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Give Teachers More TIME NOGAINA few weeks ago, fellow columnist Jeremy Adams posted an article called “The Magical Solution Illusion,” illustrating how schools, students, and teachers are being pounded by an array of self-proclaimed “saviors” of the education system. I loved the article. He examined our proclivity to move toward change, from increasing class sizes to shrinking them; from emulating Finland or China; and examining advocates of adapting to the 21st Century to those who want to throwback to traditional methods. He examined every “panacea du jour.” But if we really want to fix schools, we need to give teachers more time.

The average citizen is probably scratching their head right now. “Wait,” they’re thinking, “give teachers more time? These people already have off June, July, and August! And, what, don’t they only work until 3 o’clock or whatever? Heck, when they work, they just tell students to read the textbook and walk around, slapping the ruler on the desk a few times before returning to their desk to watch cat videos on YouTube and then sharing them with their union buddies. No wonder the schools in America are terrible.”

But the fact of the matter is, teachers don’t have time for everything we need to accomplish in the average school day, and the small window of time we do have is often dominated by things that have no bearing on student achievement. Case in point in Pennsylvania, where teachers are now held to a new standard of evaluation (called The Danielson Model). While there are many benefits to this model, it takes time to implement. And, like many other things in education, it’s just added to the list.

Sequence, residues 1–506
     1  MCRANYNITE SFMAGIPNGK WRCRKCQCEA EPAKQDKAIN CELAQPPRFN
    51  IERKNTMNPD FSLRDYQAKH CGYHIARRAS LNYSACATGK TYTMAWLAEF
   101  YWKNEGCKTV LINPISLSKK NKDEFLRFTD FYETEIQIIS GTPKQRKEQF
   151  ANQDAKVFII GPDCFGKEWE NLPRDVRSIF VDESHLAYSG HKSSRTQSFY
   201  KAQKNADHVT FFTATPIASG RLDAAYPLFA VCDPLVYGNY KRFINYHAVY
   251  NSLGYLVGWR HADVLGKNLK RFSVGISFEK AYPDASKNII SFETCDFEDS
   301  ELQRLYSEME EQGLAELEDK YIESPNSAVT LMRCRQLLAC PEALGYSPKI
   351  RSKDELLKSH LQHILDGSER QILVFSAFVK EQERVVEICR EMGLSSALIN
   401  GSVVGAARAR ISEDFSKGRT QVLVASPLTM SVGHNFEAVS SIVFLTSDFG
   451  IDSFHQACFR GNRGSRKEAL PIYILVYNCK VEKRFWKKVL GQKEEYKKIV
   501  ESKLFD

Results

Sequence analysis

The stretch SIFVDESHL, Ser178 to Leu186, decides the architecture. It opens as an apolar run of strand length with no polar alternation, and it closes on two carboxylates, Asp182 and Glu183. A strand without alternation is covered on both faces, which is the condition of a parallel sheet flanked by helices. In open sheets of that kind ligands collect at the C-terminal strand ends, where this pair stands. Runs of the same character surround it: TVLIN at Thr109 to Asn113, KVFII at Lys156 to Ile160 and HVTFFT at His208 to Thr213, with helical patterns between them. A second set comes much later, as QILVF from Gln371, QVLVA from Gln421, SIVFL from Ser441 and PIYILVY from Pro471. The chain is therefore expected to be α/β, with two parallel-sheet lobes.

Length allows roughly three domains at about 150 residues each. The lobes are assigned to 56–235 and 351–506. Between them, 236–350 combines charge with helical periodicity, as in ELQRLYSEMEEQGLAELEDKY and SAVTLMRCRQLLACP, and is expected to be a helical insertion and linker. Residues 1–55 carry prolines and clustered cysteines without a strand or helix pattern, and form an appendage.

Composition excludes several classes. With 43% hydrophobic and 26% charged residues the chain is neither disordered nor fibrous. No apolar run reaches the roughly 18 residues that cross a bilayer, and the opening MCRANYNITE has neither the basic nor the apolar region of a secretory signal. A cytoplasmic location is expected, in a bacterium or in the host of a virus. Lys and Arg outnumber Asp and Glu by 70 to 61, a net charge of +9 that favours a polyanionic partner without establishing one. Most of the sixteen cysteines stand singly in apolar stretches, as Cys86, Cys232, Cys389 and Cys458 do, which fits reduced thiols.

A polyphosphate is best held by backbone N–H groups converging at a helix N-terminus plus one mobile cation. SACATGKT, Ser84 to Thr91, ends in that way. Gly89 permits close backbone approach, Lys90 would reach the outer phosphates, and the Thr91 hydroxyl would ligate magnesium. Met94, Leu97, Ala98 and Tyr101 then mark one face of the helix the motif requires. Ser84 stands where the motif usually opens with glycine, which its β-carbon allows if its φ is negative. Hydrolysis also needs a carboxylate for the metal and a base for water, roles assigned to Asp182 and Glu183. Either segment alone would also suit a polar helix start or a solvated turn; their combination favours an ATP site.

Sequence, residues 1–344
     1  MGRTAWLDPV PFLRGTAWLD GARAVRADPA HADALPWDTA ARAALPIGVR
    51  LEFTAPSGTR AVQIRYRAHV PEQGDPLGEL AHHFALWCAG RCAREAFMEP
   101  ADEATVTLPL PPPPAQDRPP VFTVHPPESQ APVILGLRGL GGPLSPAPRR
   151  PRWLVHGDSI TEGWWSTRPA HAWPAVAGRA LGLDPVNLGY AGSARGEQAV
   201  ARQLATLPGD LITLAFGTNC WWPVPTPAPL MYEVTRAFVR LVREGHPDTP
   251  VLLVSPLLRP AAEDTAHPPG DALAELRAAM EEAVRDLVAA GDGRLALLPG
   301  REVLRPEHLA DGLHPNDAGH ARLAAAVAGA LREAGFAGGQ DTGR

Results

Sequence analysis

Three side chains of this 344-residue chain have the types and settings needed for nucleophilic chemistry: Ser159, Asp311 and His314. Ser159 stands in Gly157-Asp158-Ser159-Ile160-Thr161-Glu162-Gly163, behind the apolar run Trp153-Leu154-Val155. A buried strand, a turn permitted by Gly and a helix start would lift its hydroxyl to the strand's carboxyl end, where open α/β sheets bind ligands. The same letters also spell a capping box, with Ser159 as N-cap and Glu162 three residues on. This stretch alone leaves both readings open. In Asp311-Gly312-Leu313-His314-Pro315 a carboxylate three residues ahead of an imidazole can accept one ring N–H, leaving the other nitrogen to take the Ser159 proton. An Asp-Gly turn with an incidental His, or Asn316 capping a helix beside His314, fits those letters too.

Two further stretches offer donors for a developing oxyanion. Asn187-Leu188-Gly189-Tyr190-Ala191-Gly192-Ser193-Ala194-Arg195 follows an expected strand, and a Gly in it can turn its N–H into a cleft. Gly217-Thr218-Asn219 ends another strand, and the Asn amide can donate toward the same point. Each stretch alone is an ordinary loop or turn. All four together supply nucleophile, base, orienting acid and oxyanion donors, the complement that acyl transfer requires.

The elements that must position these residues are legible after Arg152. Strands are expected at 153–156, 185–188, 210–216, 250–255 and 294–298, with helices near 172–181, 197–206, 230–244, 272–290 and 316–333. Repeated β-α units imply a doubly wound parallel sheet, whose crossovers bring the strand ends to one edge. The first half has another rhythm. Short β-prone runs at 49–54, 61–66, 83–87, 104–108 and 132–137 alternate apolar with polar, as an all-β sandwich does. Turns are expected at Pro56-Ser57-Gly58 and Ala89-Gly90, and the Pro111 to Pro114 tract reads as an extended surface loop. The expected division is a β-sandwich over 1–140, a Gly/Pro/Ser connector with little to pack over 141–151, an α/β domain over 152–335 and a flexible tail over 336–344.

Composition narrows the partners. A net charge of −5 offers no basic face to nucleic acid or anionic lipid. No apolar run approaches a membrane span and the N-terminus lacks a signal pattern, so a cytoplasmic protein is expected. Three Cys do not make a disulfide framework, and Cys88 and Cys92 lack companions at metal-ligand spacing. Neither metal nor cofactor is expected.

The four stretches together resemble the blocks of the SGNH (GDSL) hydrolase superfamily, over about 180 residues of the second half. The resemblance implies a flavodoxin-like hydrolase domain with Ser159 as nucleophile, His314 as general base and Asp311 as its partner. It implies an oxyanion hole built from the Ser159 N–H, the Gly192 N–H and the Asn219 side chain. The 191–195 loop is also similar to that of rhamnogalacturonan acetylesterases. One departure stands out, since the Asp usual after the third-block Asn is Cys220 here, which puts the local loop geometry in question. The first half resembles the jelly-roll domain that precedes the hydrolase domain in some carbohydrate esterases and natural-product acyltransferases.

Coupled with the fact that our State Department of Education’s latest goals, which have take us to task with something called Student Learning Objectives (ironically abbreviated as SLOs (pronounced SLOWS). The state unleashed these ponies without even knowing what to do with them or how to even saddle them. Most teachers are probably experiencing similar great-in-theory, terrible-in-practice methods of focusing on student achievement. But, most importantly, is a place where more teachers’ time is spent.

On top of that, every district has new initiatives to roll out into the educational sphere. Ours this year wanted us to focus on using Windows 8 (with just a bit of training), Google Drive, and a new grading program called MasteryConnect. Exhausted yet? Wait, there’s more.

Each school then has certain things on the agenda – and the students at them just keep getting more (and not less) identified, specialized, and paperwork-laden. Oh, and the meetings! Could you even imagine being a principal and doing all the meetings? God help us all. More time expected. Still just 24 hours in a day.

And let’s not even talk about what’s going to happen next year!

With all these new things coming down the pike for teachers, there is only one thing that suffers – and it’s the most terrible observation to make –we have no time. With that come several hard-to-swallow facts: